Honey is made by bees from nectar collected from flowers. Honey bees transform nectar into honey and store it as a primary food source in wax honeycombs inside the beehive. beekeepers encourage overproduction of honey so the excess can be harvested from the colony.

Honey comes in an endless variety of colours and flavours that are influenced by the flowers that the bees collect the nectar from.


Honey from my Bees

Where to buy award winning honey from YorkshireBees

My honey is for sale locally in the following places


Choosys - Website (Spring / Summer Honey)

5 King Street, Huddersfield HD1 2QD







Also available direct from myself, contact me via e-mail to arrange a supply.


Currently my bees produce 2 different kinds of honey:-


Yorkshire Spring Honey (Soft Set / Spreadable) - Supreme Champion Countryside Live 2013

This has a high amount of nectar collected from early Spring flowers including Oil Seed Rape, Hawthorne, Apple blossom, Cherry, Horse chestnut and Dandelion. It's higher ratio of dextrose to levulose sugars causes it to crystallize and set solid. By adding a small amount of Summer honey to this and mixing we produce a 'soft set' honey that will be spreadable but not set hard for the duration of it's lifetime. Perfect on toast or sandwiches as it won't run off the bread!

Soft Set Honey


*** This honey won the Supreme Champion award at the Countryside Live / YBKA Honey show 2013 ***



Yorkshire Summer Honey (Runny)

Made from the many flowering nectar sources available during the Summer months. Generally darker than Spring honey and remains in a fluid state longer. Most people have an image of runny honey when they think of honey.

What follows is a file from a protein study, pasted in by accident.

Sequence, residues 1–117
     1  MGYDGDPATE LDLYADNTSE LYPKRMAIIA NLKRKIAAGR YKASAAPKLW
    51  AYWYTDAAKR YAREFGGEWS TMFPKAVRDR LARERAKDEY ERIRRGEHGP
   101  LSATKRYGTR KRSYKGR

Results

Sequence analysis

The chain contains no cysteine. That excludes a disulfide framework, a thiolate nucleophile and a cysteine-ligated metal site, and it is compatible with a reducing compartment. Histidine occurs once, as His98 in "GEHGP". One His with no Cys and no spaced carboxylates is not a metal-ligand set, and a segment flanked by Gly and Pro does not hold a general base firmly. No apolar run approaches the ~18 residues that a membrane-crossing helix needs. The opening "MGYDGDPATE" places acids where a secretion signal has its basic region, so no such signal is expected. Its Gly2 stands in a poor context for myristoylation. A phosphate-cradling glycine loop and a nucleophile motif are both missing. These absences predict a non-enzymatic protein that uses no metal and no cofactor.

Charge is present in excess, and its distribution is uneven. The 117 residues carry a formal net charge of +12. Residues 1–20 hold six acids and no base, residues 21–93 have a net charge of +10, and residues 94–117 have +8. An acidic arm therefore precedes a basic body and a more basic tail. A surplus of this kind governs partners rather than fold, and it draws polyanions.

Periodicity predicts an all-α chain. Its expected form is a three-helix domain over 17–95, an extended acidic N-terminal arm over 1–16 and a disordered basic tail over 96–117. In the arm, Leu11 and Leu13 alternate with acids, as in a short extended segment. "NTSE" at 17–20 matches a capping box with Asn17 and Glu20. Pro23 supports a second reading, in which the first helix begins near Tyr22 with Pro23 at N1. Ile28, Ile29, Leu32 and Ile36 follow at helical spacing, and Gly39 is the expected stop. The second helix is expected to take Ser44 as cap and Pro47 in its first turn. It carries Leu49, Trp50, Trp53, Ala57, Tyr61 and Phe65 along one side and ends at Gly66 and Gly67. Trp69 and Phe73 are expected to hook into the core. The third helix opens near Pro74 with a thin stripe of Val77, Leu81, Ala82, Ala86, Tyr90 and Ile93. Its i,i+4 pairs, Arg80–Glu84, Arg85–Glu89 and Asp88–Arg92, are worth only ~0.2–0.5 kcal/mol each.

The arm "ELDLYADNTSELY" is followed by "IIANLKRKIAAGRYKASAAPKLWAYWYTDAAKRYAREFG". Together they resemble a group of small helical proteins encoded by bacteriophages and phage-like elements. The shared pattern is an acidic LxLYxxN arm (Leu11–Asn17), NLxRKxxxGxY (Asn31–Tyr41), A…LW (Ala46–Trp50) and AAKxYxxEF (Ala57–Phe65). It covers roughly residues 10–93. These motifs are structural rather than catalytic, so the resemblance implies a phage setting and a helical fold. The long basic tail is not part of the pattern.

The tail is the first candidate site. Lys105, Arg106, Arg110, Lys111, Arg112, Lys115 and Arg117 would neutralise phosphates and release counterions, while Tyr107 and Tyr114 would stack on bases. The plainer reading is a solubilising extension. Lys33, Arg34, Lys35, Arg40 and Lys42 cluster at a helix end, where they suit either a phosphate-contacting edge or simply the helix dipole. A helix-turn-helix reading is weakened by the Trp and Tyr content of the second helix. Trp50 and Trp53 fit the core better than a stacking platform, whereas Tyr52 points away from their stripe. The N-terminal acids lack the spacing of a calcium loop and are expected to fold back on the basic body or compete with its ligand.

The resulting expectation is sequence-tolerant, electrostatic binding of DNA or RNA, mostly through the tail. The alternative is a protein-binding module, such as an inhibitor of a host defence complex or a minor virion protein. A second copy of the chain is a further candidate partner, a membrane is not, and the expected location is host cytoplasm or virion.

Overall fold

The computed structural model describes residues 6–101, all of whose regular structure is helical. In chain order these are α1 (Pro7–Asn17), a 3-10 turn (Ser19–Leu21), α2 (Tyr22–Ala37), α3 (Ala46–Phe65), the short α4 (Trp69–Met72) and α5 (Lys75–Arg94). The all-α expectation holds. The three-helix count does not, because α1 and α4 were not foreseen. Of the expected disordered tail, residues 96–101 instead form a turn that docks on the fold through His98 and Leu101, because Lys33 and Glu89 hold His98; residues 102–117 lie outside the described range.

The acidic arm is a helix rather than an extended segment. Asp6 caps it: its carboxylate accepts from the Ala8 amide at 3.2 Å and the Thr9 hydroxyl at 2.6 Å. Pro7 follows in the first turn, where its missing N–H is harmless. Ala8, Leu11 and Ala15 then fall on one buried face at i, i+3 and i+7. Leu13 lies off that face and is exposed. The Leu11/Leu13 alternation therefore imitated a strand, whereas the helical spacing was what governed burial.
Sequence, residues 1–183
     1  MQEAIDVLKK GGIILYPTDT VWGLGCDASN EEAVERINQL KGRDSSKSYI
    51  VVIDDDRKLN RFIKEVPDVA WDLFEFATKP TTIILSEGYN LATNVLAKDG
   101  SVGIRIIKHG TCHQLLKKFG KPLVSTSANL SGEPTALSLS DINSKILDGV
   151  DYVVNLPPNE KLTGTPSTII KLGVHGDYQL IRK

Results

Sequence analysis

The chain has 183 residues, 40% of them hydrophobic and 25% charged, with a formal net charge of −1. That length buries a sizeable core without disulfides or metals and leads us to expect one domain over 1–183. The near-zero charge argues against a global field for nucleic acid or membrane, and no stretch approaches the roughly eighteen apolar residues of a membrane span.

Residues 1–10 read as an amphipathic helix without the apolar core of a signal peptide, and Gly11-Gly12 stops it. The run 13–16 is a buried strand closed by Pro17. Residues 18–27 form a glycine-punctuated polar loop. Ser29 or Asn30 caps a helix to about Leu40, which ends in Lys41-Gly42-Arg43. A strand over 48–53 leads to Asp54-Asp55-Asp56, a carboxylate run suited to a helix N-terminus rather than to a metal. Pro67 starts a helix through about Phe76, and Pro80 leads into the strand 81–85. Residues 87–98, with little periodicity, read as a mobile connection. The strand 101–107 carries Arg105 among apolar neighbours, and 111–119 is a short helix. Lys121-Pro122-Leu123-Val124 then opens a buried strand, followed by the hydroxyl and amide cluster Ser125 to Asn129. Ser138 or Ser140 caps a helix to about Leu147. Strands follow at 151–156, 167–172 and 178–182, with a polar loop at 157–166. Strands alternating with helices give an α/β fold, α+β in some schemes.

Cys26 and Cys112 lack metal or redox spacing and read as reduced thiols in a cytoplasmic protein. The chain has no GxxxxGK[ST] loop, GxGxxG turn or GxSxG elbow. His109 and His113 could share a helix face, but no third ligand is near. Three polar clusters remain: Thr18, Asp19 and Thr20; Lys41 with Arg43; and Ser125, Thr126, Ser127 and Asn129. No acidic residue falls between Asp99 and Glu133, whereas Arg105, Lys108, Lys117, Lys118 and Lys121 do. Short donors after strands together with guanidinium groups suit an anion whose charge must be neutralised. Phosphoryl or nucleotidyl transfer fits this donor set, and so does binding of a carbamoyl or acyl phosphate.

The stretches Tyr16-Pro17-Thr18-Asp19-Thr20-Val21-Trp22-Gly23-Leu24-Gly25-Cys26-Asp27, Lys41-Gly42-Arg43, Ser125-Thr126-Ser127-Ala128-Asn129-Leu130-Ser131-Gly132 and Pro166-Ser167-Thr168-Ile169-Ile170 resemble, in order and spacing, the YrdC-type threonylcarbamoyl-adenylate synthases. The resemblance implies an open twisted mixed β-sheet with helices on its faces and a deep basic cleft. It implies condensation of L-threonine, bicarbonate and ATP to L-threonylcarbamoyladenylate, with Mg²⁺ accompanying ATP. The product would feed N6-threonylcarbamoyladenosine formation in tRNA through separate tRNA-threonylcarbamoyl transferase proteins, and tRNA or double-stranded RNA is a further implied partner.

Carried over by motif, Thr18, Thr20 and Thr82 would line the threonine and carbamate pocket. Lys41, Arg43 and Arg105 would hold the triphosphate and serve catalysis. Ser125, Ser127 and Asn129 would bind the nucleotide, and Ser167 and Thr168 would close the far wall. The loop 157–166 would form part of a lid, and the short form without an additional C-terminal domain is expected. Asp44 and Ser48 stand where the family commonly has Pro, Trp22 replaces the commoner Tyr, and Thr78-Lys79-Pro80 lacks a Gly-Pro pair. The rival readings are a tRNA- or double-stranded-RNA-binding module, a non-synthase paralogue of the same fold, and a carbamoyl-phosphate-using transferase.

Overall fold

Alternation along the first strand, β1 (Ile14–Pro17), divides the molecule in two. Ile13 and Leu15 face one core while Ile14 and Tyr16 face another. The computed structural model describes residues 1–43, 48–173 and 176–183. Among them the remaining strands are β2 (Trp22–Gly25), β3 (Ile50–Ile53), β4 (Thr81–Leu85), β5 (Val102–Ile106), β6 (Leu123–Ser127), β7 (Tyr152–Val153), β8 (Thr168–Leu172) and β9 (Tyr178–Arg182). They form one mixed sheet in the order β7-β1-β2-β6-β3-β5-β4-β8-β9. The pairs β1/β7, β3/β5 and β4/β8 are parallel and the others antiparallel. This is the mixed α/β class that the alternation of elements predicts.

Summer Honey


Caring for your honey

All types of Honey, due to their high sugar content and low water content, do not require any special care for storage. Honey should be kept at room temperature and is quite happy being kept in a slightly cooler / dark and dry place such as a cupboard, it does not need to be kept in the fridge, even after opening. The only things that need to be avoided are dampness and high temperatures. Honey has a relatively low water content and will therefore absorb water from the surrounding air if the lid is left off too long.



Almost all honeys will form crystals (solids) in the jar eventually. This is a natural process and does not affect the taste or quality of the honey. The amount of time before honey crystallizes is generally determined by the different sugar ratios in the nectar that the bees made the honey from.

If and when a jar of honey starts to crystallize it can be returned to it's fluid form by gently warming it. The easiest way to do this is by placing the jar in a bowl of warm water and leaving it for some time. Honey does not transmit heat as fast as most liquids therefore the process to warm honey takes time and has to be done gradually.

High heat can harm honey and placing a jar in direct contact with high temperatures will degrade the honey. Under no circumstances would I recommend placing honey in a microwave oven!